An eclectic mix of top dealers with international reputations has been assembled for the Chelsea Antiques Fair in September.

Just a few stands remain for the historic event that is in its 70th year and will be held between September 21 and 26, with a VIP invitation only preview on the 20th.

The venue will be Chelsea Old Town Hall on the Kings Road, the fair’s traditional and iconic home. Already collectors and buyers from around the world have expressed an interest in attending and trade is expected to be brisk due to a year with few physical events.

Run now by the antique selling platform 2Covet, the fair will be held at the same time as the Chelsea Flower Show which has moved to the autumn from its traditional May.

Sophie Wood, director of the antiques fair, said:

“The relaunch is going extremely well and we have some superb exhibitors. There is a real mix with dealers in furniture, clocks, maritime antiques, Chinese and Japanese works of art, paintings, porcelain, glass and much more besides.

“There are 32 exclusive stands and entry is free via complimentary tickets, aside from the first day which is reserved for an invitation only preview. We have a number of key partners including Altido, which provides hospitality management for homes, serviced apartments, hotels and unique destinations across Europe.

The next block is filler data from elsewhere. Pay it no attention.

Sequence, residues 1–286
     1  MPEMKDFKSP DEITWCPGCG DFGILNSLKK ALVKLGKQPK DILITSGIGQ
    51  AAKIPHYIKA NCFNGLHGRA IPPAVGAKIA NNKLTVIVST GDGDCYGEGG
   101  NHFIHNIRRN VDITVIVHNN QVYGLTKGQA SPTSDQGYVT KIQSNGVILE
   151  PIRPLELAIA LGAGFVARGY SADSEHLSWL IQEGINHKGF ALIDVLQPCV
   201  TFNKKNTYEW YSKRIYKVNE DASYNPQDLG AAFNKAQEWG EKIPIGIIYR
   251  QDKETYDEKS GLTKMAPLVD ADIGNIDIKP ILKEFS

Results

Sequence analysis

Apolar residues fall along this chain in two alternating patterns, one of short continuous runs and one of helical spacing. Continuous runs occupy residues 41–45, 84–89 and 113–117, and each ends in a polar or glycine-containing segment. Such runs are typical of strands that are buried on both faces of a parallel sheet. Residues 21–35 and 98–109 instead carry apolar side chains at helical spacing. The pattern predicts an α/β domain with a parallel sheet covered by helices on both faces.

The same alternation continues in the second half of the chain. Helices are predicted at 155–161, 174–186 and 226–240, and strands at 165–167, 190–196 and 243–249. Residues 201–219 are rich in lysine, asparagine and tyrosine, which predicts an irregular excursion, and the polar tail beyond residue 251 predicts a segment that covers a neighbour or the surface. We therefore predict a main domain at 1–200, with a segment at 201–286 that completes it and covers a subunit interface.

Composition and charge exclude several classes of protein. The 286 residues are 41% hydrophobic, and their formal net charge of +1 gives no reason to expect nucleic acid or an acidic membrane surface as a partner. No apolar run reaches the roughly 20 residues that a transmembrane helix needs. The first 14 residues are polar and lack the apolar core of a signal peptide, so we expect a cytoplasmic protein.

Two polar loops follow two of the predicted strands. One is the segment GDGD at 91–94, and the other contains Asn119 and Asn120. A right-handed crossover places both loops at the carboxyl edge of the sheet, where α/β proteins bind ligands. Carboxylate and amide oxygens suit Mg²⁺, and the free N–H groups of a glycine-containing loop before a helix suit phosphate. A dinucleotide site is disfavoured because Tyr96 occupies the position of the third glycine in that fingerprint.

“After a year with virtually no fairs, there really is a demand for one, and dealers and clients are extremely keen to meet in person again. We have just a few stands left for dealers and there will be further announcements as we get nearer to the date.”

Sophie Wood, director of the historic Chelsea Antiques Fair

The fair is the longest continually-running event of its type in the country and attracts dealers and buyers from around the world.

Over the years some very well-known names have opened it, including Sir Cecil Beaton, Sir Alec Douglas Hume, Edward Fox, George Melley, Margaret Thatcher and Dame Diana Rigg.

Britain has a 20 per cent share of the global art and antiques market worth more than £12bn. It is second only to the US.